If God is like the Ocean, then churches, at their best, are like boats. Their purpose is to carry folks from the shores of ordinary life into the waters of God. They tell the great stories, from scripture and the Christian tradition, of those who have entered these waters before, what they’ve come to know about the love and goodness of God. Through their rituals and sacraments, they offer folks an experience of the Sacred Sea. And they equip folks with tools for exploration, teaching them how to swim and how to dive down deep. In this way, folks not only go out on Sunday sailing expeditions, but they learn to spend more and more of their lives in and with God.
The Church is a means to an end; that end is getting us into God. Not just a toe in, and not just ankle-deep, but full-on, whole-life immersion into Mystery.
Unfortunately, it is easy to lose sight of this central purpose, and confuse the means for the end. Boats can try all manner of things to attract us on board in the first place and keep us there. After all, the harbor is crowded with boats of various shapes and sizes and with different names and emblems emblazoned on their sides. It can be tempting to turn things into a competition, and get overly focused on the numbers of folks who choose your boat or sailing company.
And then, debates and arguments break out on board about various things – what color to paint the sails, which way to arrange the deck furniture, who is welcome to board, how to fix the leak that’s sprung and who’s going to pay for it. To tell you the truth, the sailing crew can spend so much time debating how to best maintain the boat and get folks on board, they rarely have time to get out to Sea.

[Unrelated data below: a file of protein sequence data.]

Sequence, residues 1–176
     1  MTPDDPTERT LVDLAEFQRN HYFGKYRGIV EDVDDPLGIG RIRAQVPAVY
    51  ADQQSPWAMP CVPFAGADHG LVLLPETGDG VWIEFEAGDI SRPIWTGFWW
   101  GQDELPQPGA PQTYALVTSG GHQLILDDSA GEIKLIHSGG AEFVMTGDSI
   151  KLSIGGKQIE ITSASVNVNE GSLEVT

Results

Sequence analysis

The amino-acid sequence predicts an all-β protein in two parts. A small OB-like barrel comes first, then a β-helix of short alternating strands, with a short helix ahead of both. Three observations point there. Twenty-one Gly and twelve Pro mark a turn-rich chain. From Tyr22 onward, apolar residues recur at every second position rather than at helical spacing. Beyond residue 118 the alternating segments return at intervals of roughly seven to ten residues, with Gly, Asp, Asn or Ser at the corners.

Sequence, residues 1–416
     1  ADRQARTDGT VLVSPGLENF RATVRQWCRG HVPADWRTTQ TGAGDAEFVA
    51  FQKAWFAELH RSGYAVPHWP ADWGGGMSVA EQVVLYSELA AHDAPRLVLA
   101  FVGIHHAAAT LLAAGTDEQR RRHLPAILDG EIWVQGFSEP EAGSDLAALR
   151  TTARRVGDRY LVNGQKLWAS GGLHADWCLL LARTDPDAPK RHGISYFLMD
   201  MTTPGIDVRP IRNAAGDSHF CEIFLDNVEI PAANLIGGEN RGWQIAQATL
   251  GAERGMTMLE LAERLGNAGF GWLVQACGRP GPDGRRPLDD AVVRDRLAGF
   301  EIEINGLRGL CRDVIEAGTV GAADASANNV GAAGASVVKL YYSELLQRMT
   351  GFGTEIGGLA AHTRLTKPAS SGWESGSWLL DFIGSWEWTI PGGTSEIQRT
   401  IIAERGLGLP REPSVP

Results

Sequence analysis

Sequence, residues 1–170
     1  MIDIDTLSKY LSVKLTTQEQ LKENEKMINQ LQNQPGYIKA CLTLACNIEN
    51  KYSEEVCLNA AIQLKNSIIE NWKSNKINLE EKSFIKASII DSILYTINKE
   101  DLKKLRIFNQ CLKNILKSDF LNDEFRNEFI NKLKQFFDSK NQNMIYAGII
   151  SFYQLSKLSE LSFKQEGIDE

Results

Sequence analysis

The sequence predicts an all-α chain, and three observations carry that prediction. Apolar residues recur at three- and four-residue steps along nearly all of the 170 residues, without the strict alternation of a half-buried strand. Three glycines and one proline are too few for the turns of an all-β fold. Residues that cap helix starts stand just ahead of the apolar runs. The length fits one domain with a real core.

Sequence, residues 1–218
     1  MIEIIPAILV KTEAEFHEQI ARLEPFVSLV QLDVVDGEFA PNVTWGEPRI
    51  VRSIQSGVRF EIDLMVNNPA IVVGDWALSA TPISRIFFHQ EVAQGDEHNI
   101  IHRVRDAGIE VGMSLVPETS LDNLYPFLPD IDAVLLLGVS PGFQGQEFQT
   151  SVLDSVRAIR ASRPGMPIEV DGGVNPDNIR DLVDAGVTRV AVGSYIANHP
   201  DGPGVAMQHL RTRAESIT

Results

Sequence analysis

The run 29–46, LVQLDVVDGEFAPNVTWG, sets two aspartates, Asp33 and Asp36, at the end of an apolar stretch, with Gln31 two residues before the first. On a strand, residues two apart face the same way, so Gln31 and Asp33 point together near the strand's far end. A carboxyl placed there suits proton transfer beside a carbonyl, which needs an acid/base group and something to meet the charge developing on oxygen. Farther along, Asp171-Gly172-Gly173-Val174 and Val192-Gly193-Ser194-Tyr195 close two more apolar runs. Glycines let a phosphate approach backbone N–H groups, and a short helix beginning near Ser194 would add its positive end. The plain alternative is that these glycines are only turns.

But no matter what, every seven days or so, each boat pushes out a little from the shore. A hush falls over the crowd on board. In the silence, folks may peer out over the railings and take in the immense beauty and power of the Ocean. We sing and listen to music about the Sea, some of it so moving, the hair on the back of our necks stands straight up. A crew member, hopefully one who has not only sailing, but also diving experience, stands in the bow and shares some of those great stories about the Sea and exploring its depths. We are reminded that we are part of Something so much bigger than ourselves. Hopefully, we come to love and trust the Sea, even if we can’t always understand or control it. And we are invited beyond our life on shore, and life on the boat, into the Sacred Deep.
The question is, do we dive in? Are we inspired enough, and do we find the faith and the guidance we need to plunge into the depths of God?
It’s wonderful being on board, no doubt, but going overboard is what it’s all about. And sometimes a little rocking of the boat may be in order.